Phone (Lab): 704.687.8507
Office: Woodward 386A
POSITIONS AND HONORS
1990-1993: Science and Engineering Research Council (UK), Overseas Research Scholarship
1993-1995: Tulane University Chancellor’s Fellowship.
1995-1996: American Heart Association Graduate Student Research Fellowship
1996-1998: Research Associate, Department of Microbiology and Immunology, Tulane University
1998: Leah Seidman Schaffer Award for Excellence in Postdoctoral Research, Tulane University
1998: Chancellor’s Award for Excellence in Research by a Postdoctoral Fellow, Tulane University
1998-2000: Research Assistant Professor, Department of Biology, UNC Charlotte
1999-present: Regular Member, American Association of Immunologists
2000-2004: Assistant Professor, Department of Biology, UNC Charlotte
2002: American Association of Immunologists Pfizer-Showell Travel Award for Early-Career Scientists
2002-2006: Editorial Board Member, Journal of Immunology
2003: American Association of Immunologists Junior Faculty Travel Award.
2004-2008: Associate Professor, Department of Biology, Univ. North Carolina at Charlotte, NC
2008-present: Professor, Department of Biology, Univ. North Carolina at Charlotte, NC
2011-present: Editor-in-Chief, Frontiers in Microbial Immunology
2012-2013: Chair, College Faculty Development Awards Committee, UNCC
2013: Chair, Departmental Chair Comprehensive Review Committee, UNCC
2013-2014: Chair, Biology Departmental Review Committee, UNCC
2013-2014: Vice-Chair, College Review Committee, UNCC
2016-present: Chartered Member, NIH CSR Brain Disorders and Clinical Neuroscience (CNBT) study section
2016-present: Vice Chair for Research, Department of Biological Sciences
2017: UNCC College of Liberal Arts and Sciences Award for the Integration of Undergraduate Teaching and Research
2017-present: Writing Coach, “Catalyst” College Professional Development and Mentoring Program
The role of the neuropeptide substance P in microbe-induced CNS inflammation
Substance P, mediates a variety of biological effects via high affinity receptors for this neuropeptide (termed neurokinin-1 receptors: NK-1R). As such, NK-1R antagonists have been subjected to extensive research for use in the treatment of a variety of disease conditions, and several of these agents have recently been introduced clinically to prevent nausea and vomiting. Importantly, our laboratory has assembled a compelling body of evidence indicating that substance P/NK-1R interactions exacerbate inflammation at mucosal sites and within the CNS. In addition to its effects on leukocytes, we have demonstrated that substance P exacerbates the inflammatory responses of resident brain cells including microglia and astrocytes to clinically relevant bacterial pathogens. Furthermore, we have also shown that endogenous substance P/NK-1R interactions are required for maximal inflammation and CNS damage in murine models of meningitis. Interestingly, our data indicate that prophylactic or therapeutic systemic administration of an NK-1R antagonist can markedly attenuate bacterially-induced neuroinflammation in animal models. As such, these data suggest that the NK-1R may represent an important new target in the treatment of potentially lethal CNS inflammation.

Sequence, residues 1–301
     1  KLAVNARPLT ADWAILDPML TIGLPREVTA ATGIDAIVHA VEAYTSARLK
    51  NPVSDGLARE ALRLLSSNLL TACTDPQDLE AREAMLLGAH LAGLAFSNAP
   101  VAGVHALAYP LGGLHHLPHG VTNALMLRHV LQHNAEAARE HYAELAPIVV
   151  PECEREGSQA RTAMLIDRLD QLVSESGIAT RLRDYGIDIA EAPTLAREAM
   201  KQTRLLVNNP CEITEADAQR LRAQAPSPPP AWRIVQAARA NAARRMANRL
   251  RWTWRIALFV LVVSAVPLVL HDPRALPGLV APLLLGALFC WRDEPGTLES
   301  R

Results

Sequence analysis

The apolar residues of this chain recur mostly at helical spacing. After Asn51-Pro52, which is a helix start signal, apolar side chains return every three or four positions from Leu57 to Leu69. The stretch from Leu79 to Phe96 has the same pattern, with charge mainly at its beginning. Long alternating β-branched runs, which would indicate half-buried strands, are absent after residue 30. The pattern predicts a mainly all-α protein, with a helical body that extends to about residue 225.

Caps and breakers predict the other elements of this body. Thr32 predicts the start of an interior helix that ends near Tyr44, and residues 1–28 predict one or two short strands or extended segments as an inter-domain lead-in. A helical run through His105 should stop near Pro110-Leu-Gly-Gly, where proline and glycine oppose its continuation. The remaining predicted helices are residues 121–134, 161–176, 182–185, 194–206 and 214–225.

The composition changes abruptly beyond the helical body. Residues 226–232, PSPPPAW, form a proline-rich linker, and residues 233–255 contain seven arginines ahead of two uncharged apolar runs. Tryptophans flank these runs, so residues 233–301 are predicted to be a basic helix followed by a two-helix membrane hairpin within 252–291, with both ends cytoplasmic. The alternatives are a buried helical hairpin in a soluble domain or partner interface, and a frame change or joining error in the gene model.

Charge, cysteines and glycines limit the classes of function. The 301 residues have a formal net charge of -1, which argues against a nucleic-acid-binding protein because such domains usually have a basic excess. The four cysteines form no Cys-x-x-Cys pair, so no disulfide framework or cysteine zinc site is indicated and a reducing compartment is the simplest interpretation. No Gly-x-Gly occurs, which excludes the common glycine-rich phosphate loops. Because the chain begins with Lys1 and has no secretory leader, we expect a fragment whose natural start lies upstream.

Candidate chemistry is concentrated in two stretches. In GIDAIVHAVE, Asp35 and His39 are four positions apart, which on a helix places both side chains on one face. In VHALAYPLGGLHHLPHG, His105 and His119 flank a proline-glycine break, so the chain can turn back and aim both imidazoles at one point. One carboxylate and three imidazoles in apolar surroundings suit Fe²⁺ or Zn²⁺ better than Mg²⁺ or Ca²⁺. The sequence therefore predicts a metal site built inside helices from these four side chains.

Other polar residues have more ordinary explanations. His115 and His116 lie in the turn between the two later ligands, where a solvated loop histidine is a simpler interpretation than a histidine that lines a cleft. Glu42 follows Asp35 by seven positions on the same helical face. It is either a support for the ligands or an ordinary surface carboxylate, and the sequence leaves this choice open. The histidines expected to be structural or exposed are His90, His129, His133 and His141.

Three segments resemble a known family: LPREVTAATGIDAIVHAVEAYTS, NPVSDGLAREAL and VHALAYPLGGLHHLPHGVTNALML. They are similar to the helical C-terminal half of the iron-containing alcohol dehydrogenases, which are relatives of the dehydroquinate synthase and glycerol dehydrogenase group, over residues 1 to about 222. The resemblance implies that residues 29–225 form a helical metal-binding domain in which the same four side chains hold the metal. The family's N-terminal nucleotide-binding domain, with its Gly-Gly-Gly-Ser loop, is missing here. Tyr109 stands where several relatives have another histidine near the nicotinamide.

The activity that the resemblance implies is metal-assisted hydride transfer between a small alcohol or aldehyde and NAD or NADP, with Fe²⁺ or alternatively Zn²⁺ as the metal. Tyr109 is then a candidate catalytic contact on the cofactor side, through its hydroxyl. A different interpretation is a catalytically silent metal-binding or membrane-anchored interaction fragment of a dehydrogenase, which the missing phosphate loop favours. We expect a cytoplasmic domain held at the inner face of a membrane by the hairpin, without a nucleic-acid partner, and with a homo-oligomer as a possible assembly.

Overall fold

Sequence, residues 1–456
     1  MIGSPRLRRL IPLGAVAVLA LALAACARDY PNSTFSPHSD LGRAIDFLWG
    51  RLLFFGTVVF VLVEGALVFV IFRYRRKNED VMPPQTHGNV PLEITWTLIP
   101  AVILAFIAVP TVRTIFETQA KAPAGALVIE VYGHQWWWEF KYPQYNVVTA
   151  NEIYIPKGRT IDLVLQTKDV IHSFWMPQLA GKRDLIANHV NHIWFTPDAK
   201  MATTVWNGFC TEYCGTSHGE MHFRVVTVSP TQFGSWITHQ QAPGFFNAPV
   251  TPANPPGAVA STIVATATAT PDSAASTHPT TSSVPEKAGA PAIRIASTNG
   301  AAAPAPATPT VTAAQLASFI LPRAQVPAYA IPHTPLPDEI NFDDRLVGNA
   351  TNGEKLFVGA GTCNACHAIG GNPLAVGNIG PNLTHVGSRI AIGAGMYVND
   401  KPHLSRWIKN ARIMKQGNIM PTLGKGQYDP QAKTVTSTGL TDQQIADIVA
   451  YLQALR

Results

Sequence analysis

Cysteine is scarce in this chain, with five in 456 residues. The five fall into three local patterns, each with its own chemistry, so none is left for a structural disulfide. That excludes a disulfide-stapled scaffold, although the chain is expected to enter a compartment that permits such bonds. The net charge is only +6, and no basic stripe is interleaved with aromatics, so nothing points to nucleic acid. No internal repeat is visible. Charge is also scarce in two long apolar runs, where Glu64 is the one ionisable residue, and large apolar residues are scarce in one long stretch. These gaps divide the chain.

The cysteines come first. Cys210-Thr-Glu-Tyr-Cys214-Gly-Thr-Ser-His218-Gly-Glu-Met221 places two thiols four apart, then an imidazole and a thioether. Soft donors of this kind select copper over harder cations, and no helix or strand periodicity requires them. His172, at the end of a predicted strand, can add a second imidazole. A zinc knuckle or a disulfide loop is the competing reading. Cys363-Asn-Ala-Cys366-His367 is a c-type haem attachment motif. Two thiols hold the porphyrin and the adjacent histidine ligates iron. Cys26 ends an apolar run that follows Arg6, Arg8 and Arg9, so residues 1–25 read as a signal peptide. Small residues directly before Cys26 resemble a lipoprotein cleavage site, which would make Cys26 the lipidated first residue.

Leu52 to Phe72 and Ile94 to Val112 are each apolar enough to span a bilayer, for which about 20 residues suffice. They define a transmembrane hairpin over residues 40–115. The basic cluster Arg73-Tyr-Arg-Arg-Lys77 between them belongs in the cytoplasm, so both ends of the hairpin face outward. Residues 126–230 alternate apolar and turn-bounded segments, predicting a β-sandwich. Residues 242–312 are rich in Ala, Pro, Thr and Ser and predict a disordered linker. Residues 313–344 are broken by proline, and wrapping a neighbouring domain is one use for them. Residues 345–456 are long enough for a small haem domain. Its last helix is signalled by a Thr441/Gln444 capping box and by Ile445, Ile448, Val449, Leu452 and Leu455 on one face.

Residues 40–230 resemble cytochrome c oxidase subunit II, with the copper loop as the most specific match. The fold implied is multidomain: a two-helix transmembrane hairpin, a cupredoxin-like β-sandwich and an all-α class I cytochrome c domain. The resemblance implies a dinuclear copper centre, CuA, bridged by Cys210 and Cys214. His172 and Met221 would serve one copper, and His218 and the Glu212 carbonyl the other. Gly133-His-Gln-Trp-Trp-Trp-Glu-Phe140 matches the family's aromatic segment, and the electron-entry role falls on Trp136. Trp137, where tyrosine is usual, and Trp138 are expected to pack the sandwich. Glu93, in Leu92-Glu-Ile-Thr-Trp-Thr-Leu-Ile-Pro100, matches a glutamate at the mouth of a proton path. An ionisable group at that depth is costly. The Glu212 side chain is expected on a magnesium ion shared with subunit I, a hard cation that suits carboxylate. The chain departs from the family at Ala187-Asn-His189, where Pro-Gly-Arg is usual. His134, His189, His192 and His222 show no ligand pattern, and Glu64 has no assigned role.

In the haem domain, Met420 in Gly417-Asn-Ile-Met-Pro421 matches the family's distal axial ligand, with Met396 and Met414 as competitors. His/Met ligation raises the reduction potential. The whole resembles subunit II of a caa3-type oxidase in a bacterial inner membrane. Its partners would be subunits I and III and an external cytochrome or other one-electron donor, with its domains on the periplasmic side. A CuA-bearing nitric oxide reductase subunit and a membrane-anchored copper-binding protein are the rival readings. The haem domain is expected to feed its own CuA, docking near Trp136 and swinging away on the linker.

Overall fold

Glia utilize cell surface and cytosolic innate immune receptors to recognize microbial and viral pathogens
Glial cells such as microglia and astrocytes are increasingly recognized to play a critical role in the initiation, progression, and/or maintenance of inflammatory host responses to CNS pathogens. Our laboratory has been at the forefront in the study of the mechanisms by which these cells perceive viral and bacterial pathogens. The innate immune system recognizes a wide spectrum of pathogens without the need for prior exposure and the identification of highly conserved families of proteins that serve as microbial pattern recognition receptors including the Toll-like (TLR), nucleotide-binding oligomerization domain-like (NLR), and retinoic acid inducible gene-I-like (RLR) receptors has shed light on the mechanisms by which this is accomplished. These microbial sensors precipitate the production of inflammatory cytokines and antiviral type I interferons. Hence, activation of cells in this manner can initiate the repertoire of defense mechanisms used by the innate immune system. We have shown that microglia and astrocytes express cell surface TLRs and use cytosolic sensors for the detection of intracellular pathogens that include NOD2, an intracellular receptor for bacterial peptidoglycans, and two members of the RLR family, RIG-I and MDA5, that serve as cytosolic sensors for replicative RNA viruses. Furthermore, we have subsequently described the expression of two cytosolic sensors for double-stranded DNA by glia, DNA-dependent activator of interferon-regulatory factors (DAI) and cyclic GMP-AMP synthase (cGAS), suggesting that these novel sensors might play a critical role in the detection of replicative DNA viruses by CNS cells.
Current Project Support:
1R03 NS097840 PI: Marriott, 03/01/17-02/28/20 “Role of DAI in viral CNS infection: A pilot study”
CURRENT LAB MEMBERS
Brittany Johnson, Ph.D.
Austin Jeffries, Ph.D. Candidate
Alexander Suptela, Graduate Student